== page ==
want it to be one of these things where somebody calls the authorities or someone calls a prosecutor. And certainly, no, we have the hurter in mind
as well as the hurt. And we believe the Gospel can redeem, because
we see the power in that. but that means sometimes the way we honor
someone is that we have to expose them. He was exposed, and it wasn’t on his own,
but that exposure has made you a better father, has made you a better husband. And today, you’re here to tell that story. And so, I’d much rather you get help than
your sin find you out in another sense. We’re going to close in prayer, and I want
to say that hurt people hurt people. Hurt people, and you hurt people. But hurt people hurt people. But at the same time, healed people, brother,
healed people can have the ability in the grace of God to also help heal people. And I believe that, sir, just as you’ve used
your story, and just as you told your story, that even though you’ve been through a lot
of hurt, and that might have even meant that you were a hurter, that God’s healed you. And God’s using you, even today, to help someone
take a step toward healing. And so, we’re grateful that you would be honest
and vulnerable. Doug, brother, would you come up real quick. Doug, Doug went through a lot of this in his
life, and he has a real redemption story in the end. But I want Doug, one of our shepherds-I know
this is personal for him. Doug, I kept looking over at you, brother,
and I could see that this was very, very personal for you. Would you just close us out in prayer? Let’s all stand together quietly. Don’t say anything. Just stand together. And I want to do something that a lot of us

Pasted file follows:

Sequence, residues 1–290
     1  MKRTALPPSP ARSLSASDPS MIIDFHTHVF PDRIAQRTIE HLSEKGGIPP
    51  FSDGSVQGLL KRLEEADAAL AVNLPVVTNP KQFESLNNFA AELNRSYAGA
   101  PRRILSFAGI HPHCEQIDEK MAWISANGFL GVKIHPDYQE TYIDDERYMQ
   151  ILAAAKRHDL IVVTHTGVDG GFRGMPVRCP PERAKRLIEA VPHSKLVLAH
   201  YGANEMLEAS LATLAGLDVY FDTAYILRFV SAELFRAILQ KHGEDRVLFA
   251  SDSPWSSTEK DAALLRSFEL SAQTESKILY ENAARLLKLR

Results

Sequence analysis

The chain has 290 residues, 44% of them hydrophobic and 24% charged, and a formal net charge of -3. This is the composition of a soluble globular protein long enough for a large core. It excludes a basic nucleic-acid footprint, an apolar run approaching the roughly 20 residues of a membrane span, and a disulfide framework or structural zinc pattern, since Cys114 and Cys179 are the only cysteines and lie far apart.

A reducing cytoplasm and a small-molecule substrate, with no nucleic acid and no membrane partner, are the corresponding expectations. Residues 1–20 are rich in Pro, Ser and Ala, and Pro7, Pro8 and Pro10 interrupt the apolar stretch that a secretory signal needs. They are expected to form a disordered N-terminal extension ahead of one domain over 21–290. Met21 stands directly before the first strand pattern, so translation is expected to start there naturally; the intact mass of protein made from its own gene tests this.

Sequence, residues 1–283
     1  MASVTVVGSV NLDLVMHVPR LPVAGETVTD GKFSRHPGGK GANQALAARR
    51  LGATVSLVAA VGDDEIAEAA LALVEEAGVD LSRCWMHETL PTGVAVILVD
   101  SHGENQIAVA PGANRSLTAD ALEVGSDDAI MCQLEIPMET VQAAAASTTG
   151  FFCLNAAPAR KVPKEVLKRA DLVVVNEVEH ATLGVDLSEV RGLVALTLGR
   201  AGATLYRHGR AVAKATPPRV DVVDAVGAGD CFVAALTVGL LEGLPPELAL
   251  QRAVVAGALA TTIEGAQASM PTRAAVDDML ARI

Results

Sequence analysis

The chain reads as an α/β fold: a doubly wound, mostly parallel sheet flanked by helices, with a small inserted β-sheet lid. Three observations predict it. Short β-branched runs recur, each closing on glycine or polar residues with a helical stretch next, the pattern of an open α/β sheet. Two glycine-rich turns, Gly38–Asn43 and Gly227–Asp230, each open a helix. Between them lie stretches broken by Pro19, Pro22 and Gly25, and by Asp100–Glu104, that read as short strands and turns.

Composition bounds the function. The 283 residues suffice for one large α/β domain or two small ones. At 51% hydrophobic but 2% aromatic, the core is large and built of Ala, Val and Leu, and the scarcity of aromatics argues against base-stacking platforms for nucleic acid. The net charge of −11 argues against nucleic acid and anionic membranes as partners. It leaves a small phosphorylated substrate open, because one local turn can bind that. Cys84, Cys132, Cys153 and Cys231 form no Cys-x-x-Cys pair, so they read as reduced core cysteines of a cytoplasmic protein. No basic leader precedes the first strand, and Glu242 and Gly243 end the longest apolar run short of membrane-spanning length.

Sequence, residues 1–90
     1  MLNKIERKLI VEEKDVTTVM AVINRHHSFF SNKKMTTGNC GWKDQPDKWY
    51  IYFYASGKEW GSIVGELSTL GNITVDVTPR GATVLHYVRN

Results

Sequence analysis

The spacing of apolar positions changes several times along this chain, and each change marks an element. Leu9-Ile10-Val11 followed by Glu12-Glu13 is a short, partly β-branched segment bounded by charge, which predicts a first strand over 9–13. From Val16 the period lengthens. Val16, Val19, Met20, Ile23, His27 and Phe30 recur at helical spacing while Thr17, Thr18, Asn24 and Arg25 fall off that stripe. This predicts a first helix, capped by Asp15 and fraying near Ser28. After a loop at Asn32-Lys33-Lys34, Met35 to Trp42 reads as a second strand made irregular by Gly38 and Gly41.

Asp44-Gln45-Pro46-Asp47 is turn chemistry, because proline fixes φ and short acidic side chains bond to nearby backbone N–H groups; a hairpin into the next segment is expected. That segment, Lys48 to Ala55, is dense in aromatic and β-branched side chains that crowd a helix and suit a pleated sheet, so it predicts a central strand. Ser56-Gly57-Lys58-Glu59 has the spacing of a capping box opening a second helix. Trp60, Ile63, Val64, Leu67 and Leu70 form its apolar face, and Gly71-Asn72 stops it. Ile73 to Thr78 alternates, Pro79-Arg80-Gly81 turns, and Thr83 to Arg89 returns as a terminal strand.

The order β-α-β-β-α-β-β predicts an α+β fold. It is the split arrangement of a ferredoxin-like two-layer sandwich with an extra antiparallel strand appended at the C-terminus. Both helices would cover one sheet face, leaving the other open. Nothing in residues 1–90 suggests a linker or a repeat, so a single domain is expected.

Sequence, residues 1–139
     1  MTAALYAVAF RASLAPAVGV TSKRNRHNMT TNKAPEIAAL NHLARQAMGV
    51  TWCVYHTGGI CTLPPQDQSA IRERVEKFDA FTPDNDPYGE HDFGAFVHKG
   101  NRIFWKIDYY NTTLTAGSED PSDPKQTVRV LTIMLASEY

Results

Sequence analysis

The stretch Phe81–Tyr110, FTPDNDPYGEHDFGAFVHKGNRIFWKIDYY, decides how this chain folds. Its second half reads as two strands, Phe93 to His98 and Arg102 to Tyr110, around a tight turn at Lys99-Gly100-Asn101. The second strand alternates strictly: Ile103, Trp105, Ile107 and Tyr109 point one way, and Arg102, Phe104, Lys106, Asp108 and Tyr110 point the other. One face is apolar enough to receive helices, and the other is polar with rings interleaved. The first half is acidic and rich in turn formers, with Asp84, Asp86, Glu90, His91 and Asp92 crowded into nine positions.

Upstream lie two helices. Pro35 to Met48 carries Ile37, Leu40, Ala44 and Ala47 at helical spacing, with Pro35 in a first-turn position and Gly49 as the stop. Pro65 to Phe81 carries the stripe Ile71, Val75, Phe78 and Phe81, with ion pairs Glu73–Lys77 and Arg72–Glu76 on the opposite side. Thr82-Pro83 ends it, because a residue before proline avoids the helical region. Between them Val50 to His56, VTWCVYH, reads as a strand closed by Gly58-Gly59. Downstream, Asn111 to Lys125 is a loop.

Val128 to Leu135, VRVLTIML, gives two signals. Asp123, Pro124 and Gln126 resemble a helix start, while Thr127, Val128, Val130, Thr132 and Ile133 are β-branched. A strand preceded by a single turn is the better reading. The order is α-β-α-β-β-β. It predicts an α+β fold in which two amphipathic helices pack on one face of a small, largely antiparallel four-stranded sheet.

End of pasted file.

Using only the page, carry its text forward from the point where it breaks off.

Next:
sometimes think is cheesy a little bit, but I think it’s symbolically important for us
today. I believe it’s symbolically important for
us today to just grab a hand beside us, to grab someone’s hand. Don’t say anything. Just quietly grab the hand beside you. And here’s why I want you to grab somebody’s
hand, because I want you to know that if you’re hearing this today and your heart’s beating
really, really fast, and it’s just drawing up emotions, you’re not alone. First and foremost, you have the Lord. And second, you have the Lord’s people. And there’s an action point here today for
you to just go and grab someone’s hand in a dorm, or grab someone’s hand in dorm 17
and say, I want to talk to somebody about what we talked about at Convo today. Brother, pray us out and dismiss us.>>DOUG DAMON: Let’s pray. Thank You that You are the loving Father. Thank You that You are the healer of the hurt
and the hurter. Thank You, God, that You, that no one is ever
too far gone to receive your restoration. God, I stand here just as Ray, just as Dr.
Hawkins and others, as a trophy of your grace, that no one is too far gone. I thank You for the vulnerability. I thank You for the honesty for this hard
conversation. I thank You for Pastor David and putting it
on his heart to have this conversation. But I pray right now in the name of Jesus
for any individuals in this room-whether they’re the hurter or the hurt-that you would do profound
ministry through the power of your Holy Spirit. And that it would not end in this moment,
but God, if need be, that they would flood our offices as LU Shepherd or these counseling
offices- whatever it takes for them to take the next
step and start the process of healing. Let that be the case today. Let no one walk out of this room unaffected
by this conversation. God, we love You. We praise You, because You are our Savior
who all of us need desperately. May each of us recognize that need today,
celebrate it, and walk victorious in the love that You have given us. We praise You, Lord, for who You are and who
You will continue to be, because You are always faithful, and You are always the same. We pray these things in the strong name of
Jesus. Amen.>>NASSER: Amen. We’ll see you tonight, hopefully, at Campus
Community, all right? Hey, I am so proud of you. Thank You so much. Let’s go serve one another. You’re dismissed.